'I support people's right to protest,' he said. 'This change is going to come. In 1967, the tradition was to outlaw inter-racial marriage. I appreciate people's protest. I've been out there plenty of times. I want to make sure people know what my position is. But we need to be careful, to the extent that [an isolated protest] can divide us, keep us from the prize.'
Led in part by Andy Thayer and the Chicago Anti-Bashing Network, a second protest is planned for noon Thursday at 118 N. Clark. From there, McKeon and Tunney are hopeful that activists will join them down the street at the Dirksen Building for a 12:30 p.m. press conference and the 1 p.m. visit to Hastert's office.
'We're strongly suggesting to [activists] and asking for their support to shift our focus to the constitutional amendment,' said McKeon, who has asked Orr to walk alongside him on Thursday. 'On the state level, I think we have it under control.'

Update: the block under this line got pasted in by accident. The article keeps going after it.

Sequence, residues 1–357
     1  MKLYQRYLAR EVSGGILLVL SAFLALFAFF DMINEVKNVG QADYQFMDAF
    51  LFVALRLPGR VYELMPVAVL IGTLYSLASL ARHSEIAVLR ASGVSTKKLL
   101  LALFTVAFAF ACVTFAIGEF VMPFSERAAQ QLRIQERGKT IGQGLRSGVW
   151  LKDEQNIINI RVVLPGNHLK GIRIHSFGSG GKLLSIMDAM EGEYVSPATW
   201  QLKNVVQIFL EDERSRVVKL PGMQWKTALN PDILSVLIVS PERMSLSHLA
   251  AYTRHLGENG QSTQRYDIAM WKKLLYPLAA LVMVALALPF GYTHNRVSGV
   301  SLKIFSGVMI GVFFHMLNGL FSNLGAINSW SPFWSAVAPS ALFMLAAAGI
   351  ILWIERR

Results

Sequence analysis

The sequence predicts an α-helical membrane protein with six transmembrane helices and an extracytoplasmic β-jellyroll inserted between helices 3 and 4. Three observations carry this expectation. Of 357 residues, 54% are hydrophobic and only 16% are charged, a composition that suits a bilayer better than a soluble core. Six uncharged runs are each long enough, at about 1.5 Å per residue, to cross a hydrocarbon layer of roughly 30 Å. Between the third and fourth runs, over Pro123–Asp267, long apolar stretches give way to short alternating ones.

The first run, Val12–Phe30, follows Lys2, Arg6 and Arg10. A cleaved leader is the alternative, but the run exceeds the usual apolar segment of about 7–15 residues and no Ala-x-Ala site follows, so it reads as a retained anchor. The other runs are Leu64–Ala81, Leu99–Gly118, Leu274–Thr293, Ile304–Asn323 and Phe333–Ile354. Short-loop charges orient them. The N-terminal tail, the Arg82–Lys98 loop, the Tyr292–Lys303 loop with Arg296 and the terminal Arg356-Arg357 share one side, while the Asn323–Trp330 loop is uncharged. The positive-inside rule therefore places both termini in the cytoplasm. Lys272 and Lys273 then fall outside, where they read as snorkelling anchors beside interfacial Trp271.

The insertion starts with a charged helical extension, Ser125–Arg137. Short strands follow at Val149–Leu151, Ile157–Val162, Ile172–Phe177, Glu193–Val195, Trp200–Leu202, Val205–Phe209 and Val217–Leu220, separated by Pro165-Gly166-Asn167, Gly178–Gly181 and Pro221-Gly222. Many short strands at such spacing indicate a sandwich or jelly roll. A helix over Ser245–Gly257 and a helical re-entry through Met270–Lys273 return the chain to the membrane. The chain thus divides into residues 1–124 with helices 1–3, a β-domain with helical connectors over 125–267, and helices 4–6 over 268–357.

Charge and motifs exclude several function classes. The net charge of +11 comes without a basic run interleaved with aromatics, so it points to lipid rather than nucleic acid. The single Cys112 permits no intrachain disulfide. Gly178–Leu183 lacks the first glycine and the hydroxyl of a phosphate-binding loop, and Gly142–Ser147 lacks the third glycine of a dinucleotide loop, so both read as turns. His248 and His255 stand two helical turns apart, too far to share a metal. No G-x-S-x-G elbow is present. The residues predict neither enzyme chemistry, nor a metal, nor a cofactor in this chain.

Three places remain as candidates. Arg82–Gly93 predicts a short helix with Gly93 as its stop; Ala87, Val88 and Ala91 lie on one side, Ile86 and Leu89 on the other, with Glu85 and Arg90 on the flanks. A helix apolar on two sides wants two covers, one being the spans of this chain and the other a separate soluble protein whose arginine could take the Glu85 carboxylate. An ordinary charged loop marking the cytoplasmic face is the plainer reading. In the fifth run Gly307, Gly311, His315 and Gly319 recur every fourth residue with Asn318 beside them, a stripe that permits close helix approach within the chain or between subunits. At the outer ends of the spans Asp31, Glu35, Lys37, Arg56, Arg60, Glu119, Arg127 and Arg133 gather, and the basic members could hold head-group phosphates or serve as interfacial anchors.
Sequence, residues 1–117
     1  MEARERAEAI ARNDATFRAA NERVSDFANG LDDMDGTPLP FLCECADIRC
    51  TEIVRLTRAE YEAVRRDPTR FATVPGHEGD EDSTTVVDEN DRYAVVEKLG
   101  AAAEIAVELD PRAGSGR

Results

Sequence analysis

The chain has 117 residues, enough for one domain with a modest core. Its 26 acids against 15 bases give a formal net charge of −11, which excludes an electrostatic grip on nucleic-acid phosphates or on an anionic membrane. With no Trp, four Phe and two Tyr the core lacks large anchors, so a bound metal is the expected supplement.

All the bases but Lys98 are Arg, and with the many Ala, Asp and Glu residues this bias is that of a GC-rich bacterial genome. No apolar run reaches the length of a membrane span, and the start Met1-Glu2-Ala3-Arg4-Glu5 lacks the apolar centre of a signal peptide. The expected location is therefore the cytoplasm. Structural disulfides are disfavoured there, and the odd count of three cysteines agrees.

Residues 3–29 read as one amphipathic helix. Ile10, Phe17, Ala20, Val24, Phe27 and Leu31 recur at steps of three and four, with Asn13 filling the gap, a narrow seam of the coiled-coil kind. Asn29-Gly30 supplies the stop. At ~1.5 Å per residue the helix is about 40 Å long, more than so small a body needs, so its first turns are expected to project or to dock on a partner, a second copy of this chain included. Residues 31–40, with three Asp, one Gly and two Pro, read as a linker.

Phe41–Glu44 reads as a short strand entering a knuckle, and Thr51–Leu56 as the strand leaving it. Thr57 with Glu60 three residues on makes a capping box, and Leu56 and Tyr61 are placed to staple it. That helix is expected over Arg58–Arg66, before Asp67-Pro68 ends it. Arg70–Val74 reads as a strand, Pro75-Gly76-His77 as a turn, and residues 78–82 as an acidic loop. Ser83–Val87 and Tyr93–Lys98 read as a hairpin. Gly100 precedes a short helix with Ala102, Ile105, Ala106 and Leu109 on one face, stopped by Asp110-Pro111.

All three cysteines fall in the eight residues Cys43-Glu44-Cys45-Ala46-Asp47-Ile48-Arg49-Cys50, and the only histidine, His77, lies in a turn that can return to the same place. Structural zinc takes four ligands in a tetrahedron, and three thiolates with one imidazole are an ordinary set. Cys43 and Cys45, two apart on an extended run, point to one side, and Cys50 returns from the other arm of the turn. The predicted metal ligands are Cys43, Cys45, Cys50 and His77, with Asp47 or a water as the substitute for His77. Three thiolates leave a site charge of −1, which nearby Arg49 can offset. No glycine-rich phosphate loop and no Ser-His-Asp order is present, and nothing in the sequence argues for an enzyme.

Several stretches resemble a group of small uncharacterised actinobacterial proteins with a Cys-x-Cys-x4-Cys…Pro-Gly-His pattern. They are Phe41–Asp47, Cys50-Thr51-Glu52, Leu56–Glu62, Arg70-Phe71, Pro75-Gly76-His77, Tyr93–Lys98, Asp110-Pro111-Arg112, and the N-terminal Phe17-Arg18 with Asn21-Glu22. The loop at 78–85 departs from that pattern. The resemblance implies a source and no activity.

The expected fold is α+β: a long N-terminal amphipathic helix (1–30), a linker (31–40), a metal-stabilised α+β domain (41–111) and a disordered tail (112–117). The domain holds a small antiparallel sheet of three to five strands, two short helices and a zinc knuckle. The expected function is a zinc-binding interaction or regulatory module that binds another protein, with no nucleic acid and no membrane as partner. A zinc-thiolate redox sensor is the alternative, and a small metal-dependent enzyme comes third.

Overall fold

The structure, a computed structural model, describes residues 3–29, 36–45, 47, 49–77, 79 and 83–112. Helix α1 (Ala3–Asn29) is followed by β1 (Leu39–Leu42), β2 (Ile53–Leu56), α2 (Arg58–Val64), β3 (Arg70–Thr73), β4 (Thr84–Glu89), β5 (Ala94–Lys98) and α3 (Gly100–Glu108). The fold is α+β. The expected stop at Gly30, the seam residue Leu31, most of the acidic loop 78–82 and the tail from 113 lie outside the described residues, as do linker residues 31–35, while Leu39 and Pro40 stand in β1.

'In Chicago and Cook County, we already have domestic-partner benefits,' Tunney said. 'We want to do this without asking our County Clerk to break the law.'
Deborah Mell, who works for out business owner Christy Webber, is expected to join McKeon, Tunney and Orr.
'As elected officials, we have to pay attention to the concerns of our constituents,' said McKeon, who won his post with more than 80 percent of the vote. 'But we also have to be leaders and we have to be willing to take risks.'
'You don't run your life that way,' said Orr when asked if running for re-election alters a politician's actions on issues such as this one. 'You do things because you believe in them. Ultimately, to convince people, you have to catch them in the heart. I think the things happening over the past several weeks can be important. What we have to keep in mind is can we win in the courts? Can we keep the momentum?'